At the top of a growing list of dysfunctional institutions in America would certainly be our public schools. Among the the most recent and most destructive "reforms" of education -- right up their with the oil & lube coupon/voucher approach -- is the standardized testing regime foisted upon the schools by the widely praised but wrong-headed "No Child Left Behind" law of the George W. Bush years. Today's headlines reveal what has long been obvious to thoughtful observers: No Child Left Behind forces a set of methods and perverse incentives upon teachers and administrators. Evidently, the schools in Atlanta, Georgia led the way in revising students' reported test scores to match the program's ambition goals, a way to keep federal cash flowing in. According Alan Schwarz's story in the NY Times:
"A 413-page report by special investigators for the Georgia governor’s office that was released to the public on July 5 recounted in stunning detail how elementary- and middle-school teachers and administrators throughout the Atlanta public school system manipulated students’ answers on the Criterion-Referenced Competency Test, Georgia’s method of gauging student achievement and complying with the federal No Child Left Behind Act.
The most egregious cheating included principals overseeing social gatherings in which answers were erased and corrected. At Toomer, in the residential Kirkwood neighborhood east of downtown, the report claimed that some teachers either told students the answers or suggested them with voice inflection during testing.
The scandal has reignited the larger national debate over the reliance on test results to evaluate educators and the pressure that such emphasis can breed among superintendents and principals. Teacher cheating knows no borders, as developing situations in Philadelphia, Washington and other cities indicate, but Atlanta, as the most thoroughly investigated example, has become symbolic of it."
The best diagnosis I've heard of the fundamental problem in today's forlorn efforts to improve education through standardized testing came from Diane E. Levin, professor of early childhood learning at Wheelock College in Boston.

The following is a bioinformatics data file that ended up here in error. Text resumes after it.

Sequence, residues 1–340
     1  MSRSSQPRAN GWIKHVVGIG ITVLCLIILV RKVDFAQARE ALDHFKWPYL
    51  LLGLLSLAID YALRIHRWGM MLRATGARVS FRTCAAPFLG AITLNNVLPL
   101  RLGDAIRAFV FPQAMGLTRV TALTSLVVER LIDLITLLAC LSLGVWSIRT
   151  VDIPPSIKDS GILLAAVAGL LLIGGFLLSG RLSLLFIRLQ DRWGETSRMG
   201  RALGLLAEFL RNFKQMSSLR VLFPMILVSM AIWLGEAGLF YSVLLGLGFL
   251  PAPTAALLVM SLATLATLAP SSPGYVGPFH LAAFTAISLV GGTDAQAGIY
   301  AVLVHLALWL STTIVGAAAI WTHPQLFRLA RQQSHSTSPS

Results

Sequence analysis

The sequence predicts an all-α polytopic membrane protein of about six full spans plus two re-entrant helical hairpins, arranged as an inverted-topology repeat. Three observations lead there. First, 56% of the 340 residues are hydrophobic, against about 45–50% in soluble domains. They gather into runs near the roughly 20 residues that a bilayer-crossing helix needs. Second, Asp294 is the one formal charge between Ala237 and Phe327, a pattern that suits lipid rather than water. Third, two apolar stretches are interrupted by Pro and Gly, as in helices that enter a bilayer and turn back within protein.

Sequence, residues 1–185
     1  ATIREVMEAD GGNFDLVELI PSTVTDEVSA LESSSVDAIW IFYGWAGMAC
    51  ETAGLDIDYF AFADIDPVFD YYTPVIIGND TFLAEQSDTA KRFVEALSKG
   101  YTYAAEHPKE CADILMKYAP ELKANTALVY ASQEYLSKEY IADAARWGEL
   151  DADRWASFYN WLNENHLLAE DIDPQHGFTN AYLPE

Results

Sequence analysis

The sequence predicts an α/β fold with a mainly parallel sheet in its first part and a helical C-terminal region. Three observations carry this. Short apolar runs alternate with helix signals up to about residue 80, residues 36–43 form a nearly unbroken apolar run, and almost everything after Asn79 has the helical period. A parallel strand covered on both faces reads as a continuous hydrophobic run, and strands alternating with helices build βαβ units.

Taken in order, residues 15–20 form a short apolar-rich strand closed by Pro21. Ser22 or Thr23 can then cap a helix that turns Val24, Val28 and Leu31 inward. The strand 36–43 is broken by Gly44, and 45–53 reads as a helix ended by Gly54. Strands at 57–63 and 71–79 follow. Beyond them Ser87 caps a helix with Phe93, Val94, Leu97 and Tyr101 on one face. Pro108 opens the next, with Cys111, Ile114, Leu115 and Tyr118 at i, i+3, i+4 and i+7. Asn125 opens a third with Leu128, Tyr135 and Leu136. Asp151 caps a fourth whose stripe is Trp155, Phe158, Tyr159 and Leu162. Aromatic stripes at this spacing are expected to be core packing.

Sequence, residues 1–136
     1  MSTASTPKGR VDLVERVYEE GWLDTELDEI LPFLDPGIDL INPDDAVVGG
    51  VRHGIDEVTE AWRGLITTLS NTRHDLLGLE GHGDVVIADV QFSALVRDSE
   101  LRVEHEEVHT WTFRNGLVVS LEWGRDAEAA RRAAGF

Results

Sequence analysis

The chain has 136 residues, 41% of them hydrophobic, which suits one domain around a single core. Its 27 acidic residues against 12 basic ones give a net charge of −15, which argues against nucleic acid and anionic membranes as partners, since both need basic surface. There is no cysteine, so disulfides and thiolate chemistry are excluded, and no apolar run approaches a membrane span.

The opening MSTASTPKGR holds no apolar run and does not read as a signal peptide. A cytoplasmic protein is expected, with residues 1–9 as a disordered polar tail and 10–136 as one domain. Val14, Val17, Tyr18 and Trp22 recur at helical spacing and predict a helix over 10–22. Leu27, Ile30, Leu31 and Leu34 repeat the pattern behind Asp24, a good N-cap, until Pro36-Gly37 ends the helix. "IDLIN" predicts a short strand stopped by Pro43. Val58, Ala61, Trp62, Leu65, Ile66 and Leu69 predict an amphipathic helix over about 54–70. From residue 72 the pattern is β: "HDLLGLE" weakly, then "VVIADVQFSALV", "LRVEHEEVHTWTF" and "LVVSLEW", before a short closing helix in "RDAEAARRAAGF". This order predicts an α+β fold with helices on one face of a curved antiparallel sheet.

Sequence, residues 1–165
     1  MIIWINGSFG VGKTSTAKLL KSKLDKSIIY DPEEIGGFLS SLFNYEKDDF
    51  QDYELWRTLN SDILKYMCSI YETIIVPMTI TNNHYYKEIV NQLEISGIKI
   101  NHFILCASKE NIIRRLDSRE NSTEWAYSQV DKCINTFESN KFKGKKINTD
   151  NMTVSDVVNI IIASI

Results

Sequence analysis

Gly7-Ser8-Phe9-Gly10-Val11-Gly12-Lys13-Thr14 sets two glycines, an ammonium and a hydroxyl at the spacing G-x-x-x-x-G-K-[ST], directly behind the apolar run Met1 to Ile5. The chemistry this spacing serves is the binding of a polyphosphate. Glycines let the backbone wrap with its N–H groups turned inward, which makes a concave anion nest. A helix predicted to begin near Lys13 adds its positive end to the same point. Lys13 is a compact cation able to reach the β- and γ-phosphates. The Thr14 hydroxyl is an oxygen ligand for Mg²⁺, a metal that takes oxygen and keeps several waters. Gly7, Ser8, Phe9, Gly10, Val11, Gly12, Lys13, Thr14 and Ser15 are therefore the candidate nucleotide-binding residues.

"The basic premise of No Child Left Behind can be stated very simply," she observed during a conference in New Orleans three years ago. "People say: When the teachers did their job, the children we able to learn. Then the teachers stopped doing their job and the children stopped learning. When we force teachers to do their job, then the children will start learning again."
"The hammer used to apply the force," she continued, "is standardize testing used as a way to allocate educational funding."
Levine argued further that the real problems in the schools have to do with much larger, untreated ills in American society -- poverty, unemployment, urban decay, and the chaos in the social relationships that many children must contend with everyday. Placing the blame on teachers and applying the screws to them merely exacerbates the trouble.
The scandals in Atlanta and elsewhere show the consequences of ill-begotten efforts to put America's schools on track for "excellence." Alas, Obama's modest revision of the Bush program merely tweaks the system of rewards and punishments and leaves the underlying maladies untouched.
In educational systems that have strong integrity, public support and long term success -- Finland's schools, for example -- the basic approach is: 1. Hire some of the most talented people in society as teachers and pay them well for the work they do. 2. Working closely with parents, pay careful attention to what each individual child needs. Of course, this requires a society with a good deal of social solidarity and concern for the well-being of all its members.
Does this sound like today's America? Grab your eraser!